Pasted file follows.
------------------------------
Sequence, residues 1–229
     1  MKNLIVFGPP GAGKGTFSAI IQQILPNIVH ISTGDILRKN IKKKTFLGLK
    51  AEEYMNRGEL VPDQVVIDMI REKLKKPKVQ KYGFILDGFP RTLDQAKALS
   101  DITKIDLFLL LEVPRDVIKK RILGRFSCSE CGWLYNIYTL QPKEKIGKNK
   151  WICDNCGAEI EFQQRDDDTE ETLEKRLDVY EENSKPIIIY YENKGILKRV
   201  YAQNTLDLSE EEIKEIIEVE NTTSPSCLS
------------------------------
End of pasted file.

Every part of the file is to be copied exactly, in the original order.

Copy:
Sequence, residues 1–229
     1  MKNLIVFGPP GAGKGTFSAI IQQILPNIVH ISTGDILRKN IKKKTFLGLK
    51  AEEYMNRGEL VPDQVVIDMI REKLKKPKVQ KYGFILDGFP RTLDQAKALS
   101  DITKIDLFLL LEVPRDVIKK RILGRFSCSE CGWLYNIYTL QPKEKIGKNK
   151  WICDNCGAEI EFQQRDDDTE ETLEKRLDVY EENSKPIIIY YENKGILKRV
   201  YAQNTLDLSE EEIKEIIEVE NTTSPSCLS